LISTEN: (Windows Media Player)
1. "It's Too Soon To Know" - The Orioles - It's A Natural 5000 - 1948.
2. "Barbra Lee" - The Orioles - It's A Natural 5000 - 1948.
BOTH played in sequence




Above: The Cash Box 9/11/48

Above: The Cash Box 10/2/48






[Above photo of The Orioles is courtesy of Ferdie Gonzalez.]




Above: The Cash Box 11/10/48

Above: The Cash Box 12/17/49
Listen to "To Be To You" - The Orioles - Jubilee 5001 - 1948 (Windows Media Player). [Audio provided by Dave Saviet]


Above: The Cash Box 5/6/50

At Left: The Cash Box 2/5/49

Note that "To Be To You" is now paired with "Dare To Dream"

Above: The Cash Box 5/27/50






Listen to "Dare To Dream" - The Orioles - Jubilee 5001 - 1948 (Windows Media Player). [Audio provided by Dave Saviet]



Above: Label image of Jubilee 5002 recorded late in 1948 and released in February 1949. This is the third of many records The Orioles had released on the Jubilee label (1948-56).

The line-up for this record, and continuing on through Jubilee 5051, is Sonny Til, Johnny Reed, George Nelson, Alex Sharp, and Tommy Gaither. As was their standard formula for ballads, Sonny Til sings the main lead and George Nelson sings the bridge part.

The Cash Box Race Disk O' The Week (1/29/49):

THE ORIOLES — JUBILEE 5002.... Please Give My Heart A Break/It Seems So Long Ago
It's The Orioles out with a fresh biscuit, and one that seems certain to grab a top spot in music ops machines in the very near future. Make no mistake about it—this group is destined to be one of the nation's foremost combinations. This disking tagged "Please Give My Heart A Break" will certainly bear fruit and blossom into a sensational money-maker for music ops from Maine to California. The vocal harmony displayed here is hard to beat, with the fine vocal tenor solo hogging a well deserved limelight throughout the disking. Phrasing of the smooth, plush lyrics makes for wonderful listening pleasure. It's slow, tempting stuff, the kind you wanna hear time and again. Lyrics of the song make you feel the glowing mood of the song. It's the type of ditty to which romancers can snuggle closely and is sure to meet with wide approval. On the flip with "It Seems So Long Ago", the group once again display their vocal harmony to perfection with another ballad that showcases their versatile styling to excellent advantage. We go for the top deck—we're sure you will, too.

The Billboard Review (2/12/49):

THE ORIOLES — JUBILEE 5002....
It Seems So Long Ago
(79) The hot group turns out a good etching of a fair tune.
Please Give My Heart A Break (85) Here's the formula—simple tune, note-bending delivery—that could give the group the follow-up to "It's Too Soon To Know."
(NOTE: A ratings range of 70-79 was considered "good" and 80-89 "excellent.")


Above: Label image of Jubilee 5016 recorded on September 25, 1949 and released in October 1949.

The Cash Box Award O' The Week (11/5/49):

THE ORIOLES — JUBILEE 5016.... Forgive And Forget/So Much
By far one of the greatest platters this group has offered to date is headed music operators way in a blaze of glory. It's one of the nation's hottest vocal combo's on tap to render a song that will surely catch on and go like wildfire in juke boxes throughout the land. The Orioles' rendition of "Forgive And Forget" is a side that even looms to surpass the wide success this combo scored with "Am I Asking Too Much [sic*]." This disk, with the vocal group purring the lyrics of this wonderful melody in first rate harmony, is a cinch to clinch with music ops and phono fans. The vocal beauty displayed on the side is hard to match—it's that good. Tempo is slow and infectious throughout, with light dainty melody seeping thru the background. On the other end with "So Much," the group comes back with another grade A performance that should thrill their many fans. Ops shouldn't hesitate one second with this platter. Grab it by the boxful!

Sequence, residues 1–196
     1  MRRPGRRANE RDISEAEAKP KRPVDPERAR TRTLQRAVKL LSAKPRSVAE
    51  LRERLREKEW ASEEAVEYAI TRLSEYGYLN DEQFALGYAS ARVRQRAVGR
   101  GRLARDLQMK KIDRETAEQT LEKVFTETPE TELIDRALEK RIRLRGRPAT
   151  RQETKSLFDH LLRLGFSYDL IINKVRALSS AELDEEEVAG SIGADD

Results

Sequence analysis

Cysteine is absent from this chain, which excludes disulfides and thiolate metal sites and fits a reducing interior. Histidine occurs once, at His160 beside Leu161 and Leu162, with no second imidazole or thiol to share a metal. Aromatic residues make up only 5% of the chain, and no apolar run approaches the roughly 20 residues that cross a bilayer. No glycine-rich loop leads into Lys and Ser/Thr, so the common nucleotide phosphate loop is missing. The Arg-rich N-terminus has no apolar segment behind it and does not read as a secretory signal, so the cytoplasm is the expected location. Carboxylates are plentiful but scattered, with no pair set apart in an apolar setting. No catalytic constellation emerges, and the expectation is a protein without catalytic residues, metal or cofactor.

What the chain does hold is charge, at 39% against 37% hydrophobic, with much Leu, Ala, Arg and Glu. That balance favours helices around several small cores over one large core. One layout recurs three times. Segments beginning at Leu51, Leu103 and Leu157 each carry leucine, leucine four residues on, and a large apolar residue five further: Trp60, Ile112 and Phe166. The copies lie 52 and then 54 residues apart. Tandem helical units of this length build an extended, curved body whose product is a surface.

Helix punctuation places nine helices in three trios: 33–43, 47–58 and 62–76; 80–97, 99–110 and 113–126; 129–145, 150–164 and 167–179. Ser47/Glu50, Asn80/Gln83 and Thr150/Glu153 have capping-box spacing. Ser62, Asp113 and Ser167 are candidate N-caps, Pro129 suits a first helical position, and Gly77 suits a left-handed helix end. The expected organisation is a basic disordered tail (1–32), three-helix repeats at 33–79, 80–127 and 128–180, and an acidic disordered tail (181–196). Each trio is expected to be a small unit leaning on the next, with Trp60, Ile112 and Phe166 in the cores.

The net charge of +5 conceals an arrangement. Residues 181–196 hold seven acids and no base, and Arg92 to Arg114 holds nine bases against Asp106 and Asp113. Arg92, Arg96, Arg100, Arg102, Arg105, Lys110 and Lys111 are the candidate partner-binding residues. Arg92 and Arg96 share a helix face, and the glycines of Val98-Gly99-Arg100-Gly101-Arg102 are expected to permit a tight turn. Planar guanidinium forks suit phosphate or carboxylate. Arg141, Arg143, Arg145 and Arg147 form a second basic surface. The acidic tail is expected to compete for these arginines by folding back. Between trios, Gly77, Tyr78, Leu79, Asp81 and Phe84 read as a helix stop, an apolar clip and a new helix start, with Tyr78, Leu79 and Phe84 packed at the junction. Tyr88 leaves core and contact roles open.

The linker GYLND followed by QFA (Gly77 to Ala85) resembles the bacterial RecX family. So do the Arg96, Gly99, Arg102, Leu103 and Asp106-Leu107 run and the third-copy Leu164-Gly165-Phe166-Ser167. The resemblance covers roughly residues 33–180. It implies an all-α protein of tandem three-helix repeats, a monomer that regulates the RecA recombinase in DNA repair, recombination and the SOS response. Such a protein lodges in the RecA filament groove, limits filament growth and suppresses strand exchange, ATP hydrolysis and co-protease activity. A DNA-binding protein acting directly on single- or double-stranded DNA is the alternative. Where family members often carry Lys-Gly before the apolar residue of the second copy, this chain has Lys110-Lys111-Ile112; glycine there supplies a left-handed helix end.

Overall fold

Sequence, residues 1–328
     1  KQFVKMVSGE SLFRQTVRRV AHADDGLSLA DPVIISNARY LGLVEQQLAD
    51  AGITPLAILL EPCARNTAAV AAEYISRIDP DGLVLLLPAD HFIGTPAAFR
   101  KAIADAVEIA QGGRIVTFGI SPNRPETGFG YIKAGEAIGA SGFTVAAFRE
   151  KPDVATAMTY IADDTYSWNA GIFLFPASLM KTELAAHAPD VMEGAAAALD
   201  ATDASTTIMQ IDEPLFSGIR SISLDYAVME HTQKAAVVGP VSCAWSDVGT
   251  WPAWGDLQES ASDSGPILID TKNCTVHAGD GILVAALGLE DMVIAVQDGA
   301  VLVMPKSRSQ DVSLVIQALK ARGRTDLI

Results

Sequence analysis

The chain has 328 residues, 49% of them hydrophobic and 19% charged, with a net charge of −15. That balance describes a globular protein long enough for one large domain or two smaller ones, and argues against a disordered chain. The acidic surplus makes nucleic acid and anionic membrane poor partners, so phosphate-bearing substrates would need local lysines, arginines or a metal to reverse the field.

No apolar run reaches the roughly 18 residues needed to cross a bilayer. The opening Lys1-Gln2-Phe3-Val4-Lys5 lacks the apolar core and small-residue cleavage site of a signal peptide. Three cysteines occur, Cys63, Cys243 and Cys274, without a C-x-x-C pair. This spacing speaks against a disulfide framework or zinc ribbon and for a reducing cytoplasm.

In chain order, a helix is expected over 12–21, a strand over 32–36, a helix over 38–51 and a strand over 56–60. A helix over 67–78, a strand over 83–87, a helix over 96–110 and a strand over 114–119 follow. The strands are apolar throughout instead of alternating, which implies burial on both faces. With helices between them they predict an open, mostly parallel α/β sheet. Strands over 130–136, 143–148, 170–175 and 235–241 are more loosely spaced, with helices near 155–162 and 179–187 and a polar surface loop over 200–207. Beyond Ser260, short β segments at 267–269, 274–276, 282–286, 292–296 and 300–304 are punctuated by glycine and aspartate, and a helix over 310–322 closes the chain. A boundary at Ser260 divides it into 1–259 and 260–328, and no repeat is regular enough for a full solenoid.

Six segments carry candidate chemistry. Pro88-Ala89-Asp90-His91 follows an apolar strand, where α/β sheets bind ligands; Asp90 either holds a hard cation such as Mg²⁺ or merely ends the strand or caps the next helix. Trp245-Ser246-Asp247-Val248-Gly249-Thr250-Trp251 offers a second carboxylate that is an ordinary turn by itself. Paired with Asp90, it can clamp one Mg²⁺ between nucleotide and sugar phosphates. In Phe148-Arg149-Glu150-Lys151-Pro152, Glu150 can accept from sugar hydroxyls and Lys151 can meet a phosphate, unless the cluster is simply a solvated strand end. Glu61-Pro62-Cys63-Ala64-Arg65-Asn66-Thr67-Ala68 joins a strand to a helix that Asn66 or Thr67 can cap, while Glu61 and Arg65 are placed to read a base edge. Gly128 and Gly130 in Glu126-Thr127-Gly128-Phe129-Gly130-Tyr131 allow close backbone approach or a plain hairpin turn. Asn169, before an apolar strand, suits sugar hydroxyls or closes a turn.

(NOTE: *"Am I Asking Too Much" was not an Orioles song, nor was there any similarly titled song. Note that Deborah Chessler is composer of "Forgive And Forget".)



Above: Label image of Jubilee 5017 released in November 1949. "What Are You Doing..." was recorded on September 25, 1949. "Lonely Christmas" was first issued as Jubilee 5001 in November 1948 and was recorded a short time before that.

The Cash Box Award O' The Week (12/10/49):

THE ORIOLES — JUBILEE 5017.... What Are You Doing New Year's Eve/Lonely Christmas
There's no stopping this group! Continuing their smash chain of recorded successes, The Orioles come up with still another great bit of wax in this coupling. There are no A or B sides to this platter—both are top notch juke box material. The vocal harmony of The Orioles on this pair is superb right from the very first note. Top deck is a tune that has won acclaim sometime ago—this rendition is a cinch to catch on and go like wildfire. It's smooth vocal work from start to finish, and is sure to thrill music fans immensely. On the other end with "Lonely Christmas," the group offers a smooth, sentimental seasonal item that should please ops and fans alike. It's in the somber, quiet vein, and makes you stop and listen attentively. Both sides of this platter are sure to be greated with wide fervor by the Orioles' many fans. Ops should latch on!


Above: Label image of Jubilee 5025 released in March 1950. "At Night" was recorded in 1948 and the flip in 1949.


Above Left: Label image of Jubilee 5026 released in May 1950. "Moonlight" was recorded in 1949 and the flip on February 17, 1950.

The Orioles' last recordings for Jubilee were in 1955. An "Orioles" group, still led by Sonny Til, moved on to the Vee-Jay label in 1956.

The Cash Box Review (3/3/51):

THE ORIOLES — JUBILEE 5026.... Moonlight/I Wonder When
Upper circle is a hot comer that looks as though it may be one of the top ballads of the Summer season. "Moonlight" features the competent quintet turning in a sock arrangement with tremendous scope for a group harmony effort. Number itself is an artful engraving of a tender opus. Flip is a ballad featuring a deceptive male lead. "Moonlight" is our bet to happen very big.

NOTE: A very special thanks to Joe Marchesani for his contribution to this Record of the Week.

NOTE: Most discographical information provided at this website is from Ferdie Gonzalez' Disco-File.


Listen to this week's selections featuring The Orioles on Jubilee from 1949 and 1950 using Windows Media Player:
[Audio restoration by Dave Saviet.]

          1. Please Give My Heart A Break
          2. It Seems So Long Ago
          3. Forgive And Forget
          4. So Much
          5. What Are You Doing New Year's Eve
          6. (It's Gonna Be A) Lonely Christmas
          7. At Night
          8. Every Dog-Gone Time
          9. Moonlight
        10. I Wonder When
 
          ALL TEN played in sequence
 
          ALL FOURTEEN SONGS ON THIS PAGE played in sequence

           [To download audio files, right-click on link and then select "Save link (target) as..."]